ShareThis Page

39 Western Pennsylvania first-responders get donation from Chevron

Stephen Huba
| Wednesday, Nov. 8, 2017, 4:57 p.m.

Fifty-seven volunteer fire departments and first-responders, including 39 in Western Pennsylvania, have $2,500 more to spend thanks to a donation from Chevron Appalachia.

The Coraopolis-based energy giant donated $143,500 to the fire departments to use as they see fit.

In Westmoreland County, the donations went to the Turkeytown Volunteer Fire Department, the Westmoreland County Emergency Management Agency and the Yukon-South Huntingdon Township Volunteer Fire Department.

“It will be used to help maintain our equipment and meters, and the self-contained breathing apparatus used by the (Fayette County) Emergency Management Agency,” said Fayette County EMA Director Roy Shipley.

“It allows us to help fund our sick and accident insurance and equipment payments,” said firefighter Steven Miske of Tower Hill #2 Volunteer Fire Department.

“Every little bit helps,” said firefighter George Matis of the Republic Volunteer Fire Department.

In addition to 20 Fayette County departments, the donations went to nine Greene County departments and six Washington County separtments.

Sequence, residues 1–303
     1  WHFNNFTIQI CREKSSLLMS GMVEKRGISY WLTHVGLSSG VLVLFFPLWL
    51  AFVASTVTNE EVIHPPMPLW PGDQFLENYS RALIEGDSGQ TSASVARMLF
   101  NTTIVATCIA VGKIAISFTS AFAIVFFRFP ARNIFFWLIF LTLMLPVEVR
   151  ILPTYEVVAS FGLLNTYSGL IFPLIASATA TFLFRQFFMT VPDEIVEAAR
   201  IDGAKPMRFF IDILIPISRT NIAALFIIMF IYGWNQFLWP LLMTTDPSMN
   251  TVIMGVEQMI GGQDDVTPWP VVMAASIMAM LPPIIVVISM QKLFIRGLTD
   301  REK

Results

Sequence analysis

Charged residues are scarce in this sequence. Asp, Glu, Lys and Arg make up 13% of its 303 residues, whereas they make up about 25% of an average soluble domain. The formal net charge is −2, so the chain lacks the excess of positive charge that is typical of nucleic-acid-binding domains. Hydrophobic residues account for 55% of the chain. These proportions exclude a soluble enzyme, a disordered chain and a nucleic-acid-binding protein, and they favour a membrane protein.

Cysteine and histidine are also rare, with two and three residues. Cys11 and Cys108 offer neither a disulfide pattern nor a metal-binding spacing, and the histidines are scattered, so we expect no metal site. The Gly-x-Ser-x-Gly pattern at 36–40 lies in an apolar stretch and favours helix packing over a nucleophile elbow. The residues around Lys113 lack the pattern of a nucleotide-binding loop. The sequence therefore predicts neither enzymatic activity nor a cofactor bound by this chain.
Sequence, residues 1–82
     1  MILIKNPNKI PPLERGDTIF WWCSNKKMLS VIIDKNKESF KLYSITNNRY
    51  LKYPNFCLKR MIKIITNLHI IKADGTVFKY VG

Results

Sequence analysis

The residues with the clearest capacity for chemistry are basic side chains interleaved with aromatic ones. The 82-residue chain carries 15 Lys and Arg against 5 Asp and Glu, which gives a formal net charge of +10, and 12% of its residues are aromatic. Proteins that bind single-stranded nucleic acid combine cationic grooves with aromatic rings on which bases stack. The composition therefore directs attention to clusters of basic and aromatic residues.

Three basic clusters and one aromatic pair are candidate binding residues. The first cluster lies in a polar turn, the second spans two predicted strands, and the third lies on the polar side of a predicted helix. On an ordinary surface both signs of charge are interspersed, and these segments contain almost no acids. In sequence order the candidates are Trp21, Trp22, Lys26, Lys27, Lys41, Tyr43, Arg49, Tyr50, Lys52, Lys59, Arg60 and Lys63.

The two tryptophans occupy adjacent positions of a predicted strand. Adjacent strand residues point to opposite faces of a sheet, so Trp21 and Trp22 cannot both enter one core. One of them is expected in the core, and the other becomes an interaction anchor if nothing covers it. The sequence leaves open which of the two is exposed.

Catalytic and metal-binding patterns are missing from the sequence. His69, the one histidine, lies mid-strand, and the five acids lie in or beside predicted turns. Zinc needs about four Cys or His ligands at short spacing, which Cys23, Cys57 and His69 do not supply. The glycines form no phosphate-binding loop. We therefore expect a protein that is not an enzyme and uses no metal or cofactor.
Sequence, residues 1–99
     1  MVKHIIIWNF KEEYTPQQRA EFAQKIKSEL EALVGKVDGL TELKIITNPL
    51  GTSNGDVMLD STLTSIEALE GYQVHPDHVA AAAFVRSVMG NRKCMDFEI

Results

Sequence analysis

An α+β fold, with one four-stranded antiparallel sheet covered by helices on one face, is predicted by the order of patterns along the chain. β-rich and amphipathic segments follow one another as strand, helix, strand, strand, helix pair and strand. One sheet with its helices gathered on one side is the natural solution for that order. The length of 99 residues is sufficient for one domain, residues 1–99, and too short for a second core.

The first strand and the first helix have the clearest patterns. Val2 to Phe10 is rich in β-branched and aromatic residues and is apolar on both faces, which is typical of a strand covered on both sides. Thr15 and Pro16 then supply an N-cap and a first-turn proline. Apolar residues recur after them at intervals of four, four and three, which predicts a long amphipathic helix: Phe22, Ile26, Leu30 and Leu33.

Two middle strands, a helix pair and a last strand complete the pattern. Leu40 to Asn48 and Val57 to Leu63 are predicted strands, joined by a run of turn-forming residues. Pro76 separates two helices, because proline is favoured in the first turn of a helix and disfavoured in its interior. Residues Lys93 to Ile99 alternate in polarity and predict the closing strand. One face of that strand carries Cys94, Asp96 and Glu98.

In Allegheny County, the Moon Township Volunteer Fire Department was a recipient.

Grants also went to 18 agencies in Ohio and West Virginia.

Stephen Huba is a Tribune-Review staff writer. Reach him at 724-850-1280, shuba@tribweb.com or via Twitter @shuba_trib.

TribLIVE commenting policy

You are solely responsible for your comments and by using TribLive.com you agree to our Terms of Service.

We moderate comments. Our goal is to provide substantive commentary for a general readership. By screening submissions, we provide a space where readers can share intelligent and informed commentary that enhances the quality of our news and information.

While most comments will be posted if they are on-topic and not abusive, moderating decisions are subjective. We will make them as carefully and consistently as we can. Because of the volume of reader comments, we cannot review individual moderation decisions with readers.

We value thoughtful comments representing a range of views that make their point quickly and politely. We make an effort to protect discussions from repeated comments either by the same reader or different readers

We follow the same standards for taste as the daily newspaper. A few things we won't tolerate: personal attacks, obscenity, vulgarity, profanity (including expletives and letters followed by dashes), commercial promotion, impersonations, incoherence, proselytizing and SHOUTING. Don't include URLs to Web sites.

We do not edit comments. They are either approved or deleted. We reserve the right to edit a comment that is quoted or excerpted in an article. In this case, we may fix spelling and punctuation.

We welcome strong opinions and criticism of our work, but we don't want comments to become bogged down with discussions of our policies and we will moderate accordingly.

We appreciate it when readers and people quoted in articles or blog posts point out errors of fact or emphasis and will investigate all assertions. But these suggestions should be sent via e-mail. To avoid distracting other readers, we won't publish comments that suggest a correction. Instead, corrections will be made in a blog post or in an article.